Starter House tells the story of Lacey and Eric, who seek and purchase Lacey’s dream home, which turns out to be haunted by an ominous presence only Lacey can sense. Condit immediately anchors readers in time and place and lets us know what her main characters want (the perfect house), while simultaneously providing crucial backstory—on the first page.

“It was already June, and the Miszlaks still hadn’t found a house. Eric wanted guarantees: no lead, asbestos, mold, termites, crime, or trouble. Lacey wanted triangles. ‘Triangles,’ Eric said, as if he’d never heard of such a thing. . . he with his binder of fact sheets organized by street name, she with her sketchbook, outside of their one hundred and eighth house. . . . She wished she could say, This is the one, I love it, for Eric’s sake. . . . They’d had enough of square houses, bland rooms no better than the motel’s she’ grown up in and the apartments they’d lived in together, houses with memory. They couldn’t live that way anymore, with the baby coming. ‘Triangles,’ she said, shaping one in the air with her hands. ‘Gables. Dormer windows’” (pg. 1).

We’re moving forward. We’re house-hunting. We’re feeling frustrated. As readers, we’re caught up in the forward motion (the action), the emotion (the frustration of looking at our hundred and eighth house), and yet we’re learning about Lacey’s and Eric’s personalities (he’s detailed, she’s a dreamer) and their past, through delicately sprinkled backstory. And all this happens on the first page. We haven’t lost momentum, because Condit has effectively parceled out tidbits of our characters’ pasts; the past months of house-hunting, their early cohabitation, Lacey’s childhood, even her recent pregnancy. And not once does Condit use flashback.

Also important in revealing backstory is withholding background information. Yes, you can pull a reader deeper into a story by concealing the past, while providing hints or glimpses of its importance. Condit subtly utilizes this technique, building immediate tension in the story, when Realtor CarolAnna Grey hesitates to sell the house to the couple. “Is there something wrong with this house,” Eric said (pg 6). The Realtor changes the subject, continuing to steer the couple toward other housing options, even telling the seller, Harry Razocky, “Harry, they don’t want it. . . . It’s not right” (pg 7).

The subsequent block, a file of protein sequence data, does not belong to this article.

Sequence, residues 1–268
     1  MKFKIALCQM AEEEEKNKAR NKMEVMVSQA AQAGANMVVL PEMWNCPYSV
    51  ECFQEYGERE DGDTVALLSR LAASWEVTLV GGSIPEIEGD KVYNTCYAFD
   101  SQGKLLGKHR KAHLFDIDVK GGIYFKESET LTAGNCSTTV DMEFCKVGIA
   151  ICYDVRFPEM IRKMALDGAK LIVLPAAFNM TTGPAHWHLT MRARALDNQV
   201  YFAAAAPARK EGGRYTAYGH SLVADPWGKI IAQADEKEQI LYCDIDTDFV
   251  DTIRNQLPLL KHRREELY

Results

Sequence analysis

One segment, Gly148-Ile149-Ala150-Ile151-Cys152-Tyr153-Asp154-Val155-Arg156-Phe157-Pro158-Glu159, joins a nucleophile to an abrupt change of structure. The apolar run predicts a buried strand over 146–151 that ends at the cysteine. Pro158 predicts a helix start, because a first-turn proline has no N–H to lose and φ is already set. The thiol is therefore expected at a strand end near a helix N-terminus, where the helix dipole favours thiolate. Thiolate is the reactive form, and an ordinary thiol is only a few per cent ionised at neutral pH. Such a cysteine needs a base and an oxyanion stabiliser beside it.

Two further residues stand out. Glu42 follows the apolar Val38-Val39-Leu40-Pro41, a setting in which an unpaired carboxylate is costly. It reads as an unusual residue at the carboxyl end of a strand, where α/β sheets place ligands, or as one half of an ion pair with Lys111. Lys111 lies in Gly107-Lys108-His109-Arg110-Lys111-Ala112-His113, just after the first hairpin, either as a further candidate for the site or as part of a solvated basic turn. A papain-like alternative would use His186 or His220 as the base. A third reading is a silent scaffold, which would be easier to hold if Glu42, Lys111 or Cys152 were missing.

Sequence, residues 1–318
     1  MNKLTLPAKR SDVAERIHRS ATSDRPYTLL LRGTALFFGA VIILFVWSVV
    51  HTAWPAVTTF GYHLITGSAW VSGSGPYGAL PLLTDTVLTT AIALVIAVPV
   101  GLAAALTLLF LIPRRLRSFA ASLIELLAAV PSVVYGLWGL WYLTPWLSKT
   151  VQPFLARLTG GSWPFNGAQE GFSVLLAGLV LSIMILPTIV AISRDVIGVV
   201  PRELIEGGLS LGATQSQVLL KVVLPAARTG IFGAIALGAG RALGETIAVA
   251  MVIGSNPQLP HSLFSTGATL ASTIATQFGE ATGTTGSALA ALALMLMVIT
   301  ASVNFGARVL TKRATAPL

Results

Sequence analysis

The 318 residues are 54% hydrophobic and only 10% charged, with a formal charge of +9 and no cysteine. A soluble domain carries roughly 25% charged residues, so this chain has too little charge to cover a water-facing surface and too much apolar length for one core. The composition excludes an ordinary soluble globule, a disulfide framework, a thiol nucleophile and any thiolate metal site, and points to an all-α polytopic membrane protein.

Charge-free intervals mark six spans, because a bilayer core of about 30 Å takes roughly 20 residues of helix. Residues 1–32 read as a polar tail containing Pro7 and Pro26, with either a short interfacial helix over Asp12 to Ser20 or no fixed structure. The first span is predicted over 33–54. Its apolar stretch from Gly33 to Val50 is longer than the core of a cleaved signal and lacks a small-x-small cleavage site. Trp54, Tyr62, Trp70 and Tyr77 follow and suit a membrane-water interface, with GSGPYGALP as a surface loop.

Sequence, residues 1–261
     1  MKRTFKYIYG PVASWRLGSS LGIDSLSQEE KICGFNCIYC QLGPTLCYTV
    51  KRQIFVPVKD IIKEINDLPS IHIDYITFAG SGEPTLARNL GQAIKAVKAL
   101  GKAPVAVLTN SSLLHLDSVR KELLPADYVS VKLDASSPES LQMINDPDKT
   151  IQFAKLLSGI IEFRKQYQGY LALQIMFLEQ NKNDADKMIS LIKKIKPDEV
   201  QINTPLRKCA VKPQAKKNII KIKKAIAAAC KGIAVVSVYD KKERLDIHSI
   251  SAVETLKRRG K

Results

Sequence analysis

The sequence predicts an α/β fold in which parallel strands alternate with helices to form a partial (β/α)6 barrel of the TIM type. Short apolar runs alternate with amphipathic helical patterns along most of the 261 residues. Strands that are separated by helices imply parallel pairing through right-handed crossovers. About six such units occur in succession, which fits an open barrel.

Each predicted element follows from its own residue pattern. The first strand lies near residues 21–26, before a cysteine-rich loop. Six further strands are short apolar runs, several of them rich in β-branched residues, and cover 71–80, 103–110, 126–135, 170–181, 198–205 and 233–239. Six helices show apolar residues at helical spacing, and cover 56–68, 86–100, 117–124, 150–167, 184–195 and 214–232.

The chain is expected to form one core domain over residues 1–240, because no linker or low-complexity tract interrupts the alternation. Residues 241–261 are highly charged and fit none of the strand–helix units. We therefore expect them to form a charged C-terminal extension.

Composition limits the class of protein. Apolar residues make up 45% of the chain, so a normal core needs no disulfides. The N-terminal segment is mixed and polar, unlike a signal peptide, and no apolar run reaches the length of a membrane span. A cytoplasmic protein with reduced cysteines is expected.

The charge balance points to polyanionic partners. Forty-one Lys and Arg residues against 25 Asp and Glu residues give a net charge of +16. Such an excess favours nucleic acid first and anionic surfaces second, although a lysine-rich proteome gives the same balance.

Why don’t they want it?—as readers, we already know Lacey loves it. What is the Realtor hiding from them? Will they buy it? And more importantly, how can you as a reader stop turning pages, when a skilled author like Condit provides (and hides) just the right amount of spicy backstory to keep you intrigued? Simple answer: you can’t. You’ll have to read the rest of this riveting story to discover the answers to these spellbinding questions. As writers, we can strive for nothing more important than to entertain our readers in such a compelling, page-turning manner.

Works Cited

Condit, Sonja. Starter House. HarperCollins, 2013. Print.

The Perfectly Timed Lie: The Lie That Tells a Truth

 by Rhonda Browning White

 John Dufresne’s The Lie That Tells a Truth is broken into three separate sections; “The Process” (3-115), which addresses writing habits and the writer’s life; “The Product” (119-264), a section tackling writing craft issues such as plotting, characterization, point of view and dialogue; and “Other Matters” (267-298), which discusses the importance of critical reading and also gives dozens of grammar, style and word-use tips for writers. In addition (and this is perhaps one of the things that endears this text to me), there are at least a hundred writing exercises and prompts that apply to each specific topic Dufresne discusses. The text is also sprinkled liberally with encouraging, sometimes humorous, quotations from well-known writers.

The chapter “Getting Her Up the Tree, Getting Her Down” (120-131), addresses story beginnings and endings. Story endings are a terrible sticking point for many writers. Dufresne provides a story example in this chapter in which the surprise ending of the example would best make a story beginning, which underscores that it’s important to write freely until we reach the crux of the story, then delete all that came before. Dufresne asserts that, “Endings shouldn’t be loose, shouldn’t drift or dissolve. They have to make a statement. They can be dramatic, but more often are muted, subtle” (125). This tells us that the ending of a resounding literary piece can’t simply go with the flow of what came before it; instead, the end must be evident in the beginning of the story, without repeating what has already happened. Tricky things, these endings. Dufresne also suggests ending a story with “a compelling visual image of the central character, one that is so resonant and compelling that it stays with us when we close the book” (126). I love that idea, don’t you?